Making such aero claims requires a bit of backstory. All of Giro’s claims are based off of a figure called wind average drag, a method of averaging drag figures across all angles based on the amount of time the helmet is likely to see wind from those aspects.
All testing is done at 25 miles per hour, something of a standard in the cycling industry, and at a 30-degree head angle. The 30-degree head angle replicates a head-up position when riding in the hoods or drops — in other words, the position most of us will ride in most often.
Giro also tests at a 60-degree head angle, replicating a rider with his or her head down. At this angle, the Air Attack remains significantly faster — on the order of 16 grams of drag at 25 miles per hour. So if you’re a sprinter, or a head-down time trialist, the Air Attack is still faster.
The Synthe has only 19 vents to the Aeon’s 24. But the science of cooling has moved far beyond counting the number of vents in a helmet. The new model has a wide collection of cooling features, including the excellent RocLoc Air fit system, a number of wide cooling channels inside the helmet itself, and those big front and rear vents to evacuate air.
Cooling is a subjective measure, highly dependent on head angle, ride speed, how much hair you have, etc. But Giro claims that the Synthe, at a normal head angle (30 degrees), is actually 2 percent cooler than the Aeon at normal riding speeds.
That’s a big deal, and if true, Giro may be shooting itself in the foot. Why buy the Aeon if the Synthe is just as cool and far more aerodynamic? The 30-gram weight difference is surely not enough of a selling point.
Giro tests cooling using a device it calls the Therminator, essentially an aluminum head covered in 24 temperature sensors, which allow the company to create a map of heat across the skull. The Therminator is put in a wind tunnel with a helmet on. Wind is blown at it at 25 miles per hour, and Giro tracks the rate of cooling.
The test is certainly relevant for high-speed, flat riding, but Giro hasn’t done extensive testing at lower speeds. It admits that it needs to, and has already started collecting data. This leaves a big question unanswered: is the Synthe cooler than the Aeon when you’re climbing, moving far slower than 25 miles per hour? The Synthe’s design is based around moving air front to back — it may not be as effective as the Aeon at moving hot air up and out, given the solid panels across its top.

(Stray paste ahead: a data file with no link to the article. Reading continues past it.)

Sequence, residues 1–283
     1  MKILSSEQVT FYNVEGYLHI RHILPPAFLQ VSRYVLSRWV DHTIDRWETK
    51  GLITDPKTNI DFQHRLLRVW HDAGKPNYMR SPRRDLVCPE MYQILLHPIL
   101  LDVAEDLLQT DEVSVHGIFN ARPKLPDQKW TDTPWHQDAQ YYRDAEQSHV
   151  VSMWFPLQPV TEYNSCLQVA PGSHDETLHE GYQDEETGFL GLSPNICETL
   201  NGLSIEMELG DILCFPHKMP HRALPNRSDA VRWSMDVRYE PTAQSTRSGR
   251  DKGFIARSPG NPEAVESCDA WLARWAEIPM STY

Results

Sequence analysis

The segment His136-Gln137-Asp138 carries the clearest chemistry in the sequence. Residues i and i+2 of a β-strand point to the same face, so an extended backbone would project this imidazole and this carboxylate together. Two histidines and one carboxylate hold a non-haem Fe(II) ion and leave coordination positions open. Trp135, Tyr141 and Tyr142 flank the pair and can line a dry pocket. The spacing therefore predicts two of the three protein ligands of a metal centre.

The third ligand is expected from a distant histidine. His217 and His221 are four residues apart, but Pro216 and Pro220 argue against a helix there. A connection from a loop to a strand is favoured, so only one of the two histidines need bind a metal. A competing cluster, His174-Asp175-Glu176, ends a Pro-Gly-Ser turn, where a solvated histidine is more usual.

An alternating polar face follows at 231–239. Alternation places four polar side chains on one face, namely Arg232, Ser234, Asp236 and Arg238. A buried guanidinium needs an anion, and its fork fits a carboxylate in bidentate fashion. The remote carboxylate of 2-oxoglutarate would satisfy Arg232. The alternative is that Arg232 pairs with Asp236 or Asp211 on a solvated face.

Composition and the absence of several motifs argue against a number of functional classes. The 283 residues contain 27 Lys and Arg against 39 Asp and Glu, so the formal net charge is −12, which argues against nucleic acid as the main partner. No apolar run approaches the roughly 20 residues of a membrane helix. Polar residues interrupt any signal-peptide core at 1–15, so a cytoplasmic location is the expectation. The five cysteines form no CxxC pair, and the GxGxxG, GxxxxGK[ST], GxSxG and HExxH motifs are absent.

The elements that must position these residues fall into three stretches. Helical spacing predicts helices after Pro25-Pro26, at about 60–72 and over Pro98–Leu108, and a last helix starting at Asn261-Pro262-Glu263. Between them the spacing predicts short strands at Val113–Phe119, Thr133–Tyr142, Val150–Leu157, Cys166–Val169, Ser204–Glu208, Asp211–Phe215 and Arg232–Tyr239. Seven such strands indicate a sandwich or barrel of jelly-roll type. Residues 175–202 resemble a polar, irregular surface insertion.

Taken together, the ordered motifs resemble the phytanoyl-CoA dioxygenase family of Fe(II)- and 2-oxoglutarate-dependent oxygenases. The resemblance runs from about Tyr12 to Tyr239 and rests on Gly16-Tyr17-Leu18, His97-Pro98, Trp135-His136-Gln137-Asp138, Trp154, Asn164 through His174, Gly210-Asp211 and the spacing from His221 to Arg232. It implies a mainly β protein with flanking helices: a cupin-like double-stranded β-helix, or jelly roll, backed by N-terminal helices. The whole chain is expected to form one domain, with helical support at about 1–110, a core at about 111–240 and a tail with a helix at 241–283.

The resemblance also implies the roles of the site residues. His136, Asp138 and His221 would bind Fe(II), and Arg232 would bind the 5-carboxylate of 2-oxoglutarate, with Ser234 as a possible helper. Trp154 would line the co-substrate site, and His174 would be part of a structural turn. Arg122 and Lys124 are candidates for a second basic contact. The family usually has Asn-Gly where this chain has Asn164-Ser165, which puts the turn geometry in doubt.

Synthe fit and finish
The helmets available at Giro’s launch in Scottsdale, Arizona are not production models, and a few of the padding and strap details are yet to be finalized. But the basics will remain the same — the Synthe will utilize the same RocLoc Air fit system that debuted on the Air Attack, which improves airflow by pulling the helmet up and away from the skull. It’s a highly effective, and comfortable system.
Fit is essentially unchanged from the Aeon; put the Synthe on and the only noticeable difference is the lighter feel of the RocLoc Air fit system. Sizing is identical, so if you already ride a Giro, there’s no need to guess.
The eyewear docks, built into the mesh, boundary-layer-inducing side panels, are a fantastic feature. Of course no helmet is compatible with all glasses, but Giro tested with many different types, and the docking system works very well with the Oakley RadarLocks.
The Synthe is unquestionably the most attractive aero road helmet on the market, mostly because it doesn’t look like an aero road helmet at all. It doesn’t look dorky; it doesn’t look like one of Batman’s accessories. It looks like a mellowed-out Aeon, or a sleeker Aspect — the helmet Giro debuted as part of its New Road line. It cuts an exceptional low profile, so mushroom-head is no longer a concern. Regardless of the aero and cooling claims, it’s a good looking lid.
The Synthe will retail for $250, and availability is set for December 2014. Check back for a full ride report following three hours of hot Arizona desert riding.
Giro provided travel and lodging for media attending the Synthe press event.